CalMatters: Is union labor requirement in the way of easing California’s affordable housing crisis?

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The remains of a Macy’s sign stand above an empty parking lot at Hilltop Mall in Richmond on June 10, 2021. The property was recently purchased by industrial property owners Prologis who, according to SFGate, intend to use the empty property for a mixed-use development including housing. Photo by Anne Wernikoff, CalMatters

California lawmakers introduced several bills this year that would rezone empty strip malls and big box stores across the state to allow for new housing development without undergoing lengthy and costly local approvals.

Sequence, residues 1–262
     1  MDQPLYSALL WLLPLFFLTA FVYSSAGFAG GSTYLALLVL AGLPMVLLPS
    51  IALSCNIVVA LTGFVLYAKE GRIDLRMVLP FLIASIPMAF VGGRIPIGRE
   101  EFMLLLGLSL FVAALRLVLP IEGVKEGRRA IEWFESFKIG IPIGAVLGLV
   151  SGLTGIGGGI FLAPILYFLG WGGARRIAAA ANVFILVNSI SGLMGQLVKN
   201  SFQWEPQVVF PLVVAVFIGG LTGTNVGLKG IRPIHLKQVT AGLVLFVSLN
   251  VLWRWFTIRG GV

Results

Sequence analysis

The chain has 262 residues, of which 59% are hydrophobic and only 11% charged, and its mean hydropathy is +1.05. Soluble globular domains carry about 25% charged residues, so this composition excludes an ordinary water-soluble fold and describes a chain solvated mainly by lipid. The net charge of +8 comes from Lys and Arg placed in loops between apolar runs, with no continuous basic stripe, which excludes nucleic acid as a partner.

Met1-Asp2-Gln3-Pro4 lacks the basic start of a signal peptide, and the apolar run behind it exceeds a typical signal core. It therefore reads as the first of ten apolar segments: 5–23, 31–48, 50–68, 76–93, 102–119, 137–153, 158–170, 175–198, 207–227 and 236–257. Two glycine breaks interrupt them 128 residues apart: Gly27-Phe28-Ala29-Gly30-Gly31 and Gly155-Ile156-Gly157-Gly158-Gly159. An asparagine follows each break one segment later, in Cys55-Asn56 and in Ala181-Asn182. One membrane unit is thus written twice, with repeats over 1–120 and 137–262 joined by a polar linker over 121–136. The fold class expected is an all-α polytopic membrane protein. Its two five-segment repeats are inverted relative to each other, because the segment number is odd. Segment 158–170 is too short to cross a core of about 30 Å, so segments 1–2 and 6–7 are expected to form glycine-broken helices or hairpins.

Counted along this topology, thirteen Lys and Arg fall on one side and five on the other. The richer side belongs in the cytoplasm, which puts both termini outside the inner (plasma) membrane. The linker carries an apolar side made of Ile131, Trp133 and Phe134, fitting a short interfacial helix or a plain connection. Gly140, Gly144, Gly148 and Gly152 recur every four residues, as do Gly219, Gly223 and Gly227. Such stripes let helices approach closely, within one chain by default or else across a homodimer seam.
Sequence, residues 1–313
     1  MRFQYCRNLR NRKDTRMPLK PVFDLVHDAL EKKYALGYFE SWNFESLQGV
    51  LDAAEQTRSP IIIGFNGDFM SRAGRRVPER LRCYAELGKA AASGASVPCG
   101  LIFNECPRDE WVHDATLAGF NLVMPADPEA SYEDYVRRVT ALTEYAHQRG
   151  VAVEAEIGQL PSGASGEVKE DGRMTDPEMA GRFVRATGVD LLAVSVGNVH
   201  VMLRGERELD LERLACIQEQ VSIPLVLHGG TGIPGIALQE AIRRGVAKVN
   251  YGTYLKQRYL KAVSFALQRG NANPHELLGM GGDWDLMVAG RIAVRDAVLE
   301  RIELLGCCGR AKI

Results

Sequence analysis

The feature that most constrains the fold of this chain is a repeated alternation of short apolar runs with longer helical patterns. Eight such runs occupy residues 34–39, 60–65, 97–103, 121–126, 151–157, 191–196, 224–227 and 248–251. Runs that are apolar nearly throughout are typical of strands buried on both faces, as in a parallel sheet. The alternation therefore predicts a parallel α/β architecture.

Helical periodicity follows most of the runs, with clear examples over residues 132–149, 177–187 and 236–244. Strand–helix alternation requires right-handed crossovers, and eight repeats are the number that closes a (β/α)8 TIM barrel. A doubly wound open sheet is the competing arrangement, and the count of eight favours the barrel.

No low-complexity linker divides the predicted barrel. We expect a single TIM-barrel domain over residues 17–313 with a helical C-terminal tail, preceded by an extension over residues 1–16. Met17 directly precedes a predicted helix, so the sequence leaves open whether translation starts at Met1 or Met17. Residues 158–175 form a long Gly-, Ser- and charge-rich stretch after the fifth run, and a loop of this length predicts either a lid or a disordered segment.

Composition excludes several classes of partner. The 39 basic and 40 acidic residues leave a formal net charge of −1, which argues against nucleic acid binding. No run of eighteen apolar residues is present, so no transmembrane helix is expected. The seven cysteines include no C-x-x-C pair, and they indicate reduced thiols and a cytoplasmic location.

Two are sailing through the Legislature. The other died early on. A key difference? The successful bills had the support of arguably the most powerful entity in the Capitol on housing issues, the State Building and Construction Trades Council. The other faced its vehement opposition.

The dealbreaker for the unions? If a bill did not require a “skilled and trained workforce,” which means that at least a third of the workers who can build housing on rezoned land must be graduates of apprenticeship programs. 

“We believe in prevailing wages. So the question is not about wages,” said Amie Fishman, executive director of the Non-Profit Housing Association of Northern California. “It’s about which workers are eligible to work on jobs.”

Read more at CalMatters